Foodie Events / Restaurants

Going to Texas’ Meat Church — Matt Pittman’s Barbecue School is a Truly Unique Food Experience

For Amateur Grill Enthusiasts to Budding Pitmasters Alike

BY // 04.26.22

Pitmaster Matt Pittman of Meat Church in Waxahachie is a barbecue expert. But Pittman’s amazing barbecue cannot be had in a sit-down restaurant. No matter how early you line up in front of his store, you will leave hungry. But you should depart armed with all you’ll need to impress the neighbors at your next backyard cookout.

You see, Pittman is a competition pro and tailgating god. His Meat Church was featured on Food Network’s BBQ Pitmasters as he was launching a retail shop in Waxahachie, about 40 minutes drive from Fort Worth. The store is  jam packed with Pittman’s award-winning seasoning rubs, branded merch to outfit fans from head to toe and all the barbecue paraphernalia that anyone could ever need.

Pittman retired from a finance career to go whole hog for barbecue. You might say it’s been a successful transition (understatement alert).

Matt Pitman toasts a class with a TX Whiskey Pecan Old Fashioned at Barbecue School. (Photo by Courtney Dabney)

Pittman is a brand ambassador for Traeger Pellet Grills and Yeti coolers. But this marketing wizard really knows how to cook. Pittman teaches Barbecue Schools that always sell out, drawing everything from weekend grill warriors to burgeoning pitmasters. They travel to North Texas from all over the country and a few even travel internationally just to “gnaw on the bone” and pick Pittman’s brain, seeking his hard-learned tricks of the trade.

I recently attended one of his Barbecue Schools held at TX Whiskey Ranch in Fort Worth. The events are so popular, that I had to prove my identity just to make it past the front gate.

Not Too Cool For Barbecue School

Attendees were treated to a spicy Bloody Mary and a pork and egg breakfast taco, featuring fresh beef tallow tortillas. The food primed us for the three-hour, no-holds-bar instruction. Matt Pittman allowed free-ranging questions and answers throughout.

SHOP

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EXPERIENCE
ELEGANCE
RADIANT
VERSATILE
BRILLANT LOVE
GRACE
BREATHTAKING
NOMADIC SPIRIT
PRECIOUS
INDULGE
EXPLORE
ELEVATED
QUALITY
BEEF CARPACCIO
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Pitman explained everything from his preferred equipment to trimming methods, seasoning, cooking temperatures and times to perfecting the crucial long rest before slicing. All the way to slicing the end product. He ran the intense crowd through his new, savory pulled pork recipe and the all-important beef brisket ― “the king of Texas barbecue.”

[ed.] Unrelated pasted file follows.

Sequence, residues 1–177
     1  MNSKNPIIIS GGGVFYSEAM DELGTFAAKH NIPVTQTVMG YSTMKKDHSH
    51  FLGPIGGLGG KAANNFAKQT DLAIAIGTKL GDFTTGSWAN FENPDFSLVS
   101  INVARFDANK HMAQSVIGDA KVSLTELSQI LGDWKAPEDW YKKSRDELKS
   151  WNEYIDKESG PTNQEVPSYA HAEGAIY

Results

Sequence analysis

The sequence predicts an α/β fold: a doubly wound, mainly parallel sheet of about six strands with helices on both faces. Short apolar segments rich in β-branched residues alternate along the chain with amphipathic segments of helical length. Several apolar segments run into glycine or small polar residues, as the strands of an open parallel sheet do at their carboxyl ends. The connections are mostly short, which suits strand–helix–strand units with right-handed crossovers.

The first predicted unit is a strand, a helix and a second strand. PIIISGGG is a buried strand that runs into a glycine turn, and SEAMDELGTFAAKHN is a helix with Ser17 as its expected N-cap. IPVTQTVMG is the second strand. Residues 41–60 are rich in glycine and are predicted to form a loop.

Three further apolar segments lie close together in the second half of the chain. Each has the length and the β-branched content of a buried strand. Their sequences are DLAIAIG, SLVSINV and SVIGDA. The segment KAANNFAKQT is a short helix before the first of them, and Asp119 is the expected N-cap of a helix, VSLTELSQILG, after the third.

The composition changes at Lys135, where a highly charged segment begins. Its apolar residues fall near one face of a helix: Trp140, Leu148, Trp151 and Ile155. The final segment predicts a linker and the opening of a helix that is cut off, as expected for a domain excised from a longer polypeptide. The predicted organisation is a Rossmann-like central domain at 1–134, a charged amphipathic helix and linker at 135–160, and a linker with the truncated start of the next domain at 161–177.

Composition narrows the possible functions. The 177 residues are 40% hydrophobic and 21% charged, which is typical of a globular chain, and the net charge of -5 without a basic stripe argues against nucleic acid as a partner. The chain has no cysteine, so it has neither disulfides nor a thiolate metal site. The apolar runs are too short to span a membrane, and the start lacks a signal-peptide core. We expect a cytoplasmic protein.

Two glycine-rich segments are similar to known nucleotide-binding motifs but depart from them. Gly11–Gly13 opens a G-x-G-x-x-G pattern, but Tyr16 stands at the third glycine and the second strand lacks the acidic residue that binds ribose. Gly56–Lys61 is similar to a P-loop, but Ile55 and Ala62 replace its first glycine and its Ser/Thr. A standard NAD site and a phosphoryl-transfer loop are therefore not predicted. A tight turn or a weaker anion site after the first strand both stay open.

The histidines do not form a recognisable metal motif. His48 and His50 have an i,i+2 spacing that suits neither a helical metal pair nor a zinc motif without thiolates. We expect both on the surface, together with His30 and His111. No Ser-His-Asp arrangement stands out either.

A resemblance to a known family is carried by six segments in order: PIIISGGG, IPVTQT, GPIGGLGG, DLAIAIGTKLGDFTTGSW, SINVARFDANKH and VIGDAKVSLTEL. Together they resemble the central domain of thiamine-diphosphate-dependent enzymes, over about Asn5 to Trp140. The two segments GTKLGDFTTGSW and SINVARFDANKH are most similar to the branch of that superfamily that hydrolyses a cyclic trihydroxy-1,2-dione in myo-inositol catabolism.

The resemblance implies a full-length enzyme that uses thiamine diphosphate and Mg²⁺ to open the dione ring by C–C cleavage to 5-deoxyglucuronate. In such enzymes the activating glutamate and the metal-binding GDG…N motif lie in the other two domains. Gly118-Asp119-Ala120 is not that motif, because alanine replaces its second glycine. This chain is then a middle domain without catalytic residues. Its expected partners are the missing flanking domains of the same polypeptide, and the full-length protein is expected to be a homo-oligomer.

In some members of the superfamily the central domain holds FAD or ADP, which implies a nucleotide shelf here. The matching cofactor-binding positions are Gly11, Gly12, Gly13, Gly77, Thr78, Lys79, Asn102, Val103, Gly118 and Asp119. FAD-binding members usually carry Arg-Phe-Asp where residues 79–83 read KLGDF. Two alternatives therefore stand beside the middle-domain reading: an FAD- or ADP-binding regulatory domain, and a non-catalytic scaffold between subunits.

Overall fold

The king of Texas barbecue is brisket. Here is a look at Meat Church’s brisket. (Photo by Courtney Dabney)

When asked “When are you opening a restaurant?” (a question he gets frequently), Pittman replied, “Why would I want to do that? I’ll see you on my boat instead. There’s no way I’m opening a restaurant.”

In fact, this barbecue master is already penciling in a second retirement on his calendar.

Throughout the barbecue training, other tasty nibbles were passed out, including Pittman’s sour cream forward loaded baked potato salad and his savory Mexican pulled pork tacos.

When it was time to transition to brisket, a TX Whiskey crafted pecan old fashioned appeared for the barbecue students to sip beside some succulent slices of Meat Church brisket. Then a familiar face appeared. Pittman introduced a special guest for the remainder of the afternoon — Joe Zavala of Grand Prairie’s Zavala’s Barbecue (a Texas Monthly Top 50 barbecue joint in this year’s new rankings).

Zavala fielded questions from the crowd about his own methods and tips, while Pitman continued to whittle away, prepping his brisket for seasoning. No barbecue topic was off limits.

“We use about $750 every two weeks just on pepper,” Zavala notes. If you’ve ever had the pleasure of tasting a slice of Zavala’s brisket you’ll understand why. Zavala prefers 12-mesh ground pepper because it clings to the meat.

While both these barbecue gurus swear by 44 Farms beef, which comes from its ranch in Cameron, Texas, they diverge on wrapping and resting techniques.

Special guest Joe Zavala and Matt Pitman pose for a picture. (Photo by Courtney Dabney)

After you pull your brisket off the smoker, Zavala and Pittman say you should do what is known as a “long rest” before slicing. Preferably lasting two to three hours minimum. Yes, that’s how the pros do it. And that’s where you’re likely going wrong — why your brisket tears apart instead of slicing neatly. For the rest, Pittman wraps his brisket in butcher paper, while Zavala wraps his in foil to begin with.

Another tip of the trade is utilizing all the trimmings. These barbecue masters don’t throw away the fatty, unattractive bits and suggest you don’t either. Instead, Zavala and Pittman say you can put them in stews or chili, or make sausage or brisket burgers out of them.

In fact, one of the most popular items on Zavala’s menu is the Sloppy Juan, which utilizes those brisket trimmings to their fullest potential.

The other pro tip they both laughed about is how pitmasters get “the money shot” as they slice their brisket. The secret is beef tallow.

“A little beef tallow on the cutting board makes for those sexy slices,” Matt Pittman says.

Matt Pittman’s next session of barbecue school — set for Thursday, May 19 at TX Whiskey Ranch — is already sold out. But check back at Meat Church for news of the next barbecue school date.

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